I'll now turn the call over to Jeff Shaw. Jeff?

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Jeff M. Shaw, O'Reilly Automotive, Inc. - Co-President & COO [4]

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Thanks, Greg, and good morning, everyone. I'd also like to thank Team O'Reilly for delivering another record-breaking year. Your commitment to consistent, excellent customer service has always been the strength of our company and will continue to be our strength in the future.

At the beginning of the year, we planned to reinvest a portion of our savings from the Tax Cuts and Jobs Act back into the business, with a target of 70 basis points of additional SG&A spend. We successfully executed on that plan. And through solid expense control and better leverage from a solid 6.2% increase in sales, our SG&A only delevered 46 basis points, coming in at 33.8% of sales for the year. For the full year, SG&A per store increased 3.4%, which was near the top end of our beginning-of-the-year guidance of 3% to 3.5% of sales and is consistent with what we would expect with comparable sales at the higher end of our guidance range. The increase is primarily attributable to variable expenses and variable compensation at virtually every level of the company as we structure our pay plans for our team members to run it like they own it. For 2019, we're expecting SG&A to continue to grow at a rate higher than our historical norms of 1.5% to 2%. Looking at our 2019 G&A spend, we expect to continue to aggressively pursue our in-store and omnichannel goals and anticipate continued pressure to variable cost, especially payroll, from the current inflationary environment and record low unemployment rates, which we expect to partially offset by better leverage on our fixed cost. As a result, we're establishing our initial G&A guidance at a 2.5% to 3% increase per store.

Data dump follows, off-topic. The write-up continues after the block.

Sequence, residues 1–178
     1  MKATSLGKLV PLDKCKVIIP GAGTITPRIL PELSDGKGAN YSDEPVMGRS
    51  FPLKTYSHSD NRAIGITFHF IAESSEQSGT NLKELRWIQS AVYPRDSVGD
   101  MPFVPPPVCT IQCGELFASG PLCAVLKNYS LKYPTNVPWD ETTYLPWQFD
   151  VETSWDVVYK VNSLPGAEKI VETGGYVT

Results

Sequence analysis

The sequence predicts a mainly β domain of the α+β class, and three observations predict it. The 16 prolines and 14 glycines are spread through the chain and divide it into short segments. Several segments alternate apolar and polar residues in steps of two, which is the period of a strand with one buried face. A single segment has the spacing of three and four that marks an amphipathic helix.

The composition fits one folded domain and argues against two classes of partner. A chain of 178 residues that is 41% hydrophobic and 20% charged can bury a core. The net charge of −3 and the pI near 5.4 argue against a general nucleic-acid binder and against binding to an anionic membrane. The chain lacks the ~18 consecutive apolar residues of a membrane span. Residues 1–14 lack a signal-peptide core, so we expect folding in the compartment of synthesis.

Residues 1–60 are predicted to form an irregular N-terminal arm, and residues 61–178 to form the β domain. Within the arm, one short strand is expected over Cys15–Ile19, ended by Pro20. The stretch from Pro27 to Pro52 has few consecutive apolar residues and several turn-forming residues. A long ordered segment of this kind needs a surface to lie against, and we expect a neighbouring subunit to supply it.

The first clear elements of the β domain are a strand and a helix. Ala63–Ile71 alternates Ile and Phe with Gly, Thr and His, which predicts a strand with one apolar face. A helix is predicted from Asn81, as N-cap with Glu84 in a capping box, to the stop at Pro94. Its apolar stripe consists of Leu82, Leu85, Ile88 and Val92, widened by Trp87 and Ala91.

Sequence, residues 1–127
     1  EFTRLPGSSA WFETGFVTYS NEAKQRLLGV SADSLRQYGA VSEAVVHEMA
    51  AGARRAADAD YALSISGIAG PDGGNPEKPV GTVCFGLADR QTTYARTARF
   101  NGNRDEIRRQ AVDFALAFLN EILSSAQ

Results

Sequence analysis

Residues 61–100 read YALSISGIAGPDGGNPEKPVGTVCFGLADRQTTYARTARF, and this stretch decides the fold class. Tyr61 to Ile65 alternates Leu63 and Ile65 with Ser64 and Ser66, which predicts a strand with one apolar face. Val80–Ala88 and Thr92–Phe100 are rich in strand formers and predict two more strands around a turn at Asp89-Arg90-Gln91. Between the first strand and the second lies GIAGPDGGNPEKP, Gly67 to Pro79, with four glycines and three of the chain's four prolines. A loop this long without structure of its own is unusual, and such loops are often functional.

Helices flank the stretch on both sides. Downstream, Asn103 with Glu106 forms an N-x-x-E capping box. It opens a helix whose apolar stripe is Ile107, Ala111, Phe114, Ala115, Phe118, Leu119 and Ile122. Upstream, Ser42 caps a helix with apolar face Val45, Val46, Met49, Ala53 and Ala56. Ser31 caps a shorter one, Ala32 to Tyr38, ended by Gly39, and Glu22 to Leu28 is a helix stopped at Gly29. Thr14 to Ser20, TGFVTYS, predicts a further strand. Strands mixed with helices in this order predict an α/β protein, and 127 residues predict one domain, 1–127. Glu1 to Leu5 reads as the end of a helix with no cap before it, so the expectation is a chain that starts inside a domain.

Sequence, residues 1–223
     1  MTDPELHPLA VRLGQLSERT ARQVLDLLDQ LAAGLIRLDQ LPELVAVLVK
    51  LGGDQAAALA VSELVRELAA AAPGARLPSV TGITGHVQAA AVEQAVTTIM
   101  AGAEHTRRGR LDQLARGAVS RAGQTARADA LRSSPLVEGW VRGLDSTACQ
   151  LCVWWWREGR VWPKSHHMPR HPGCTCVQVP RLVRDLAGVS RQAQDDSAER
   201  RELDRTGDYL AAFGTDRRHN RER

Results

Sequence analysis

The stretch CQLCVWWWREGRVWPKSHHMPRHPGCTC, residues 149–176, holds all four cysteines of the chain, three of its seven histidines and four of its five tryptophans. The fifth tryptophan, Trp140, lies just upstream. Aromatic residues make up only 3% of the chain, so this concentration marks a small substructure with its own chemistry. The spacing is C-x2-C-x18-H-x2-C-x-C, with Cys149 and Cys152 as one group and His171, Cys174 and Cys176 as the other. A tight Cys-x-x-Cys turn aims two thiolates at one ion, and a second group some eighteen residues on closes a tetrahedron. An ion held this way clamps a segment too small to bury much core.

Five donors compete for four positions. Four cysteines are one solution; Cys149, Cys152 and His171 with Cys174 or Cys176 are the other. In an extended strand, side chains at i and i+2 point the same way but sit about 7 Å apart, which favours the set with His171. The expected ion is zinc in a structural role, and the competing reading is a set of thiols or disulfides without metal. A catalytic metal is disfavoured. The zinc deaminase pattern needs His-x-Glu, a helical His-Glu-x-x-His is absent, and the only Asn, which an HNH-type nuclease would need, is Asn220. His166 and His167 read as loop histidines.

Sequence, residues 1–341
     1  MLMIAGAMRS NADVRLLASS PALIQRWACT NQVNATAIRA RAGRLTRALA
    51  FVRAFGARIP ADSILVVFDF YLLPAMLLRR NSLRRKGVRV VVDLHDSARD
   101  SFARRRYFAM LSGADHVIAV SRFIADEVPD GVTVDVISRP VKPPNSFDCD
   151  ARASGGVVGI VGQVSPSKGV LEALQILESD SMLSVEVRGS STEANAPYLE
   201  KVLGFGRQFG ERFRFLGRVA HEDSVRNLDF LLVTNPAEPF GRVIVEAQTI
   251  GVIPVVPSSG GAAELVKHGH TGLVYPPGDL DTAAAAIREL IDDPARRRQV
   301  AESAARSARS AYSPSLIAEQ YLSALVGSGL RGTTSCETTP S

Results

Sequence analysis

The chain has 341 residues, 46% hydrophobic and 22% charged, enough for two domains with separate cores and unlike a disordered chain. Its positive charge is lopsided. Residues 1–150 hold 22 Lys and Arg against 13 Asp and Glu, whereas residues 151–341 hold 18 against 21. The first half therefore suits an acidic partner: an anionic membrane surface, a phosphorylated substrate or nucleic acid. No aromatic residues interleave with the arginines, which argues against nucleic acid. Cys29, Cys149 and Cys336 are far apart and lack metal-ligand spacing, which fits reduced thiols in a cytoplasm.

For the year, we successfully achieved our goal of opening 200 net new stores. We set our 2019 new store goal to open between 200 and 210 net new stores on our third quarter call. Since that time, we purchased Bennett Auto Supply in South Florida. And because of the additional work it will take to convert those stores, we'll end up in the lower portion of the new store opening range, excluding the Bennett stores. For the acquired Bennett stores, our plan is to merge 13 of these stores into existing O'Reilly stores and convert the remaining 20 into O'Reilly stores in the first half of the year. Due to the impact from transitioning business during the merger process, the remaining 20 stores will not enter our comparable store sales base until January of 2020. We expect to incur between $4 million and $5 million related to closing down the 13 stores, the Bennett DC and the offices. And these costs are an additional headwind built into our SG&A growth per store assumptions.